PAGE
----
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SD14 ruining relationship with partner

Reluctant_Stepmother's picture

This is my first post on this forum. I have read everyone's stories with interest and can identify with the similarities. I have 3 step children, two of whom are teenagers. The SS18 is a lovely kid and a delight to be around. He studies hard and is now at university. We get on well. The bad news is that my SD14 is a very different character and we don't get on. She lives in another country to us and visits regularly, often for extended periods of time during the school holidays. She's a bad house guest in my home, doesn't help with chores and leaves mess everywhere including dirty tissues. She's very rude towards me and ignores me, pretending not to speak English even though I know she can. She is very clingy with her dad and clicky with him when she visits us. My fiance told me that she can do whatever she wants in our flat or else she won't come any more. The distance between me and her is great which suited me fine before my son was born in March of this year and I've been on maternity leave ever since. Now we are thrown together 24/7 when she visits and I can't escape to work or the gym like I used to. I know that she's a typical teenager and messed up kid who hates me but I can't face the rest of my life like this as I'm so unhappy. My fiance can't see things from my point of view and does nothing to help the situation. Last time she visited, I escaped to my parents' place which is a 5 hour drive away (difficult when you have a baby who needs a bottle feed every couple of hours). I don't want to throw everything my fiance and I have built together away plus we have a baby together but I feel that the situation is not fair on me at all and my life is ruled and had been completely ruined by a 14 year old. 

tog redux's picture

Well, it's your partner that's the real issue here, but you know that.  He's made clear that her happiness is much more important to him than yours - so you can decide to tough it out a few more years (since she lives in another country, she's not likely to end up living with you past 18 - I hope) or leave, those seem to be your choices.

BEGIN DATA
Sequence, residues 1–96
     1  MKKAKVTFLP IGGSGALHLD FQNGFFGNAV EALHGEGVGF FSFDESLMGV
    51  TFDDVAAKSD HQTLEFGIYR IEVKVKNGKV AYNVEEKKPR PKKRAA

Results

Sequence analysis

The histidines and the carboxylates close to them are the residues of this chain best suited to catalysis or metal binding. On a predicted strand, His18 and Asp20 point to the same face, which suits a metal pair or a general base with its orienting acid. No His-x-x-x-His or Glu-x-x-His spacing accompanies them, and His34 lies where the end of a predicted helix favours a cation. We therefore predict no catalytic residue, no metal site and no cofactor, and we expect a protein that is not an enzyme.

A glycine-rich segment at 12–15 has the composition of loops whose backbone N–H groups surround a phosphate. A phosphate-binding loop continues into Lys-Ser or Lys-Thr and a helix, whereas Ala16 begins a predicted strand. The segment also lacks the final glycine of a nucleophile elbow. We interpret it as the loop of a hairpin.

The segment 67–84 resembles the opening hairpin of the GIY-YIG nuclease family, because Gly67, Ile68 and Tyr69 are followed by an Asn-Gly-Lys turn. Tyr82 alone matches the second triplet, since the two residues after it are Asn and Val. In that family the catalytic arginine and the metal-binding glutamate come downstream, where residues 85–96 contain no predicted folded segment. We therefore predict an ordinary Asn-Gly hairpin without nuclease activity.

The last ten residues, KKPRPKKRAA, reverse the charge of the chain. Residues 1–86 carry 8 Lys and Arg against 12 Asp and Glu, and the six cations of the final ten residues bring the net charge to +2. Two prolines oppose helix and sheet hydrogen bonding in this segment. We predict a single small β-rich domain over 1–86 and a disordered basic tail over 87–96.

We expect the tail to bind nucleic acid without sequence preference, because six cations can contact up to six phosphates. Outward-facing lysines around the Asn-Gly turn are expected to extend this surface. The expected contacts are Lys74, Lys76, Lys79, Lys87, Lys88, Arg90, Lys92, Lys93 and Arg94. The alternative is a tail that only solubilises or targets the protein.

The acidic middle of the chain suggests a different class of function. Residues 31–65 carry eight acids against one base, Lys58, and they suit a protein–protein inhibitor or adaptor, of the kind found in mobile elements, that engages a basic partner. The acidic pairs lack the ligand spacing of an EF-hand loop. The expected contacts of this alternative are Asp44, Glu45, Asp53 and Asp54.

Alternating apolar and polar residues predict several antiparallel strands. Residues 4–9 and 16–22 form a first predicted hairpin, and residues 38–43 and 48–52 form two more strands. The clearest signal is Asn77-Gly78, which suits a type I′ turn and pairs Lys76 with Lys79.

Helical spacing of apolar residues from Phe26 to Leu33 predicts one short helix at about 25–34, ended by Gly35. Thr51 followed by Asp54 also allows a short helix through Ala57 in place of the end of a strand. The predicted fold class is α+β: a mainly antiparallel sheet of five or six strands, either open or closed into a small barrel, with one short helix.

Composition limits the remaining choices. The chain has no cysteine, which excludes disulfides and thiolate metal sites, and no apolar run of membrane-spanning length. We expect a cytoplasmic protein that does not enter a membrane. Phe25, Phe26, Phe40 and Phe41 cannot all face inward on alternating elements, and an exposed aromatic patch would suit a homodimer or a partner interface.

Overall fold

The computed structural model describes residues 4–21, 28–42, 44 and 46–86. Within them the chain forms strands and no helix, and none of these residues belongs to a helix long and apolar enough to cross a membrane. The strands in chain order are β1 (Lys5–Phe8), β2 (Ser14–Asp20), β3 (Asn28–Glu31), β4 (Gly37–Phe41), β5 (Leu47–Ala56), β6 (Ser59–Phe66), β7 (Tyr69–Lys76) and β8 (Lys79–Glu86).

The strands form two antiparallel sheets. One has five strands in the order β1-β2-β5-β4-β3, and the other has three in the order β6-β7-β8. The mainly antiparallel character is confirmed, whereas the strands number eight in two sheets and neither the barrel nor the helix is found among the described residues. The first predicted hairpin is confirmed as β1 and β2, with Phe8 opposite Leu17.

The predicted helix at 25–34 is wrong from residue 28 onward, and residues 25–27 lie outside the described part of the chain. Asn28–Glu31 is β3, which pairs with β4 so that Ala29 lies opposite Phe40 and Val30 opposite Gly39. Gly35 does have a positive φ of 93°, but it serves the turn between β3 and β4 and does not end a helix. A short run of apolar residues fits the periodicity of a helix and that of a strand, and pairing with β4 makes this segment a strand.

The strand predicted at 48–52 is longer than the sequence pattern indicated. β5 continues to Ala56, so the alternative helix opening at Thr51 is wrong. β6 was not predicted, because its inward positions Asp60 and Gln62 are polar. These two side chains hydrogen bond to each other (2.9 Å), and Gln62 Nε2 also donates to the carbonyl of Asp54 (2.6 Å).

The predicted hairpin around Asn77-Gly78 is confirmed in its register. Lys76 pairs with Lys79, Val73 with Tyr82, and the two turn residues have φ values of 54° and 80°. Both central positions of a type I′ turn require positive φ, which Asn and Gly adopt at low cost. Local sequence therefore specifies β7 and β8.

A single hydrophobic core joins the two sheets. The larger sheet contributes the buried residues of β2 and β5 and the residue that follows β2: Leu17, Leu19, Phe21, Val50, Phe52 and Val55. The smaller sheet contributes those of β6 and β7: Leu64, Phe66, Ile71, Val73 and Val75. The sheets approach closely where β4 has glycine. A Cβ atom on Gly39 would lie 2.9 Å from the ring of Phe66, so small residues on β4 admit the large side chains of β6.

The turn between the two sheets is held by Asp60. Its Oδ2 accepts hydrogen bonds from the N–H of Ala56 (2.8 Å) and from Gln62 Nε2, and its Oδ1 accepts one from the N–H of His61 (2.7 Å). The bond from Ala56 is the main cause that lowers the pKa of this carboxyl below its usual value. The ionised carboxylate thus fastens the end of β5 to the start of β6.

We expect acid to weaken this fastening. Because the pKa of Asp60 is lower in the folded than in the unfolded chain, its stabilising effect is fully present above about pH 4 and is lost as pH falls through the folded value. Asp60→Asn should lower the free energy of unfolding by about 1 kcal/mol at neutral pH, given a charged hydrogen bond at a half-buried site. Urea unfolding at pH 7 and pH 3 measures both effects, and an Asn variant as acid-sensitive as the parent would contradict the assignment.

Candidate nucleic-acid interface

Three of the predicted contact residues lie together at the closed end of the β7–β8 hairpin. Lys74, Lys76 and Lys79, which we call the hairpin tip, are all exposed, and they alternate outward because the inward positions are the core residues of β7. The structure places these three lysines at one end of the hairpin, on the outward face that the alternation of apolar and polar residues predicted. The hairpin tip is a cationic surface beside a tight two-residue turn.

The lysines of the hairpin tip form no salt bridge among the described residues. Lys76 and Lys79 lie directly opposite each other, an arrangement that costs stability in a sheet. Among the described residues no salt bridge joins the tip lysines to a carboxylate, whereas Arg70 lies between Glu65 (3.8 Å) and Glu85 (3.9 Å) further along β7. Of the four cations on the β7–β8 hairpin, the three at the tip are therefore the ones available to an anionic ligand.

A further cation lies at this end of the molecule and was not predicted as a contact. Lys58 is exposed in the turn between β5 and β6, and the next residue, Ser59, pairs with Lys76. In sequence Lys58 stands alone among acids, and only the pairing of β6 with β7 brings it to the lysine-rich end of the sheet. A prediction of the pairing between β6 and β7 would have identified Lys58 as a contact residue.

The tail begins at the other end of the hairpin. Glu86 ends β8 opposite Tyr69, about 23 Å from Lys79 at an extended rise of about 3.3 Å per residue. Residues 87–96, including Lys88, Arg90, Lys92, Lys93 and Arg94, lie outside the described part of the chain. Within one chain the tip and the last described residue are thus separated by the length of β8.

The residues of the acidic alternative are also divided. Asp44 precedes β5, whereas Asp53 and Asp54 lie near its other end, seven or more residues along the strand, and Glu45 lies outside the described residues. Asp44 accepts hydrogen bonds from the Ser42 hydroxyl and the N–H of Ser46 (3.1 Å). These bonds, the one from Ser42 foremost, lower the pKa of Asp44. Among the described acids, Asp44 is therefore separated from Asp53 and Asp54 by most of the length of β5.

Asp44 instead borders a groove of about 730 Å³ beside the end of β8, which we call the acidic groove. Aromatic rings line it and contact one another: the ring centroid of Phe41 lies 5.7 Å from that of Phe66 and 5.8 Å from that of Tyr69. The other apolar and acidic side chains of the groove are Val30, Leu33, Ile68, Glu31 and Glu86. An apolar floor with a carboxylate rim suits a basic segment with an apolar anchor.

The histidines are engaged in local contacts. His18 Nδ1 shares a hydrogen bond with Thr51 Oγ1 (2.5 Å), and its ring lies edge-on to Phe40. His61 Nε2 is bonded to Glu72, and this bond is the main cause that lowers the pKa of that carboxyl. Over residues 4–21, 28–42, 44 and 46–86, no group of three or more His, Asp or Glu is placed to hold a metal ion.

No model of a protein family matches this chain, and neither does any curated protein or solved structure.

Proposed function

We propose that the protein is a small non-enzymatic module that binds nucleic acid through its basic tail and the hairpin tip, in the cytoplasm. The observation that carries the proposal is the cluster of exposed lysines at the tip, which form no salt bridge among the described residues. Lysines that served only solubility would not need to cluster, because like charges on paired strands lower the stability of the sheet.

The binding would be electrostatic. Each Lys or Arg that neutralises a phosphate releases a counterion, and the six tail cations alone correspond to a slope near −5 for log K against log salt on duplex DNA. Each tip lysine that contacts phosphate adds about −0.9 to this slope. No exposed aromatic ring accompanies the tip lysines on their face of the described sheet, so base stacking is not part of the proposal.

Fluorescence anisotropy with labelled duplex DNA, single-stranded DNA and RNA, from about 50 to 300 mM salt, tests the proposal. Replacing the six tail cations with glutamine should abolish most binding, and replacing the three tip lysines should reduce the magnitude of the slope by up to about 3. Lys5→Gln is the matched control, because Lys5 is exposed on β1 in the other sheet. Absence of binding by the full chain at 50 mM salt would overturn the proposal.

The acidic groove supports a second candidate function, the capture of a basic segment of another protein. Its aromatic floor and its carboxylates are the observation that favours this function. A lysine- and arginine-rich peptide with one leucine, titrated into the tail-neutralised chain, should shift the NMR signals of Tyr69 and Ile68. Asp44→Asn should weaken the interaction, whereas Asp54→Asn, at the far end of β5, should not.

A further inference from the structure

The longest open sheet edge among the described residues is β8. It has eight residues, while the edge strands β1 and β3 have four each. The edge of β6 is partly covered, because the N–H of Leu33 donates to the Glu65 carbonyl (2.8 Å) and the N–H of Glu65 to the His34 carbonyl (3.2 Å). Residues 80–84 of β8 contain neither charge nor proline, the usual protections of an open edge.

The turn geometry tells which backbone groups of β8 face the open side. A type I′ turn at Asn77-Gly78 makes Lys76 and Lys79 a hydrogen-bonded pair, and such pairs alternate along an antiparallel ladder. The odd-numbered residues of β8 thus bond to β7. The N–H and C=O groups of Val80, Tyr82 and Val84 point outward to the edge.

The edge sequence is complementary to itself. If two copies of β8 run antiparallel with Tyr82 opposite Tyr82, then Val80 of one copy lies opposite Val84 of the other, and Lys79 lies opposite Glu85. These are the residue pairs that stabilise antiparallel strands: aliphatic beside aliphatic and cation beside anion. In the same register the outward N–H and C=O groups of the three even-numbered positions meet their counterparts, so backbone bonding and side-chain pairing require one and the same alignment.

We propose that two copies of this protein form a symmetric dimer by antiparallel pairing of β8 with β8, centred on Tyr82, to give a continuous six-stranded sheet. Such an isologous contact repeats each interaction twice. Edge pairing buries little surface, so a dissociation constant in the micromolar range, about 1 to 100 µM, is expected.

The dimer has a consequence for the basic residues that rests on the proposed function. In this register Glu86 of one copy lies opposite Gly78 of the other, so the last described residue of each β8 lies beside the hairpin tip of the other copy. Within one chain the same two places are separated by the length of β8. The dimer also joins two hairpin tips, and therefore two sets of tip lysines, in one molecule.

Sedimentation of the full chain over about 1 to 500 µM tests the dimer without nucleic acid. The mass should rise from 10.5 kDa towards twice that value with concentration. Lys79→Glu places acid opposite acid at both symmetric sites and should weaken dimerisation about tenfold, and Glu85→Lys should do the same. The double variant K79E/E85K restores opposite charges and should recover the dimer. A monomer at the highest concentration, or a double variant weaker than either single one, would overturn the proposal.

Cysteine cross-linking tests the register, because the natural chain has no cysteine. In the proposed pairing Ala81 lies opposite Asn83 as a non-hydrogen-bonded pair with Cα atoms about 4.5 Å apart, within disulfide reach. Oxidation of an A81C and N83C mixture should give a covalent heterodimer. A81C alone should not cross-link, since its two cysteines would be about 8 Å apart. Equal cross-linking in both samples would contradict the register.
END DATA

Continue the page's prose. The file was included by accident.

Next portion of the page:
Once your child is older and COVID is over, will you return to work?  Can you just ignore her and make your partner pick up after her for the times she's there?

ETA: I should add - her happiness and HIS happiness is much more important to him. God forbid he has to endure the anxiety of his kid not liking him for being a parent.

Reluctant_Stepmother's picture

Yes I feel as if SD is the priority and he just doesn't care about me or our baby who is 7 months old. It makes me so angry at times. I'm back to work in March next year but working from home until further notice. I've stopped picking up after her now. Her dad can deal with all that as I have a baby to care for full time. I've told my fiance that I don't want her living with us full time. I don't want to invite trouble into my life (I didn't say that to him using those words.) He's pretending to be okay with it and that she will be better off with her mother. Thanks for your comments which I agree with. 

Rumplestiltskin's picture

I have an idea! Tell SD how you really feel about her behavior. Don't hold back. But tell her in English. Watch her try to decide whether to play the victim or keep up the ruse that she isn't deliberately excluding you. 

Reluctant_Stepmother's picture

That's right, I feel excluded in my own home. I would like to discuss this issue with her. Sometimes I think maybe another woman would be less tolerant than myself but I'm a very patient person and I love DH a lot plus we have a child together. 

Rags's picture

None of that mitigates the crap dished out by a toxic Skid, or any toxic kid for that matter.

Confront the crappy behavior. Every time.

Zero tolerance.

Winterglow's picture

About the language barrier - the problem is, as is often the case, with your SO. If he made the effort to speak in English she would too. Few teens will make the effort to speak in another language as long as they have someone to talk to in their own language. He needs to stop catering to her for that.

Maybe present it as a HUGE advantage for her to be able to learn English in an English-speaking household (i.e. the most naturally and painlessly possible) when so many other kids would give their eye teeth to do that. Also point out that many parents spend absolute fortunes for their kids to be able to immersion-learn English...

Reluctant_Stepmother's picture

Yes you are right. DH caters to her a lot. I think she is lucky being in such a multi lingual household. I also speak Spanish and took her to my second home in Spain last year where she sulked for a week, complaining that the weather was too hot! We are paying heaps for her International School but she has opted for German this year for some reason. It feels like another excuse to get failing results again (sigh). I will try to encourage her more in English in the future. 

Winterglow's picture

Or you could split it down the middle (this is done by many bilingual families), she speaks to you in English and to her father in French ... but she MUST speak to you nevertheless. Conversations between the three of you should be in English because when in Rome ...

Reluctant_Stepmother's picture

Good idea. She must speak to me in A language and not ignore me for over 2 years as she has been doing or, weirdly, speak to me through her dad as she did over the summer if she felt like communicating with me at all. 

Winterglow's picture

Note that this all comes down to her father not doing his job right - he should never have allowed her to speak to you through him from the very start.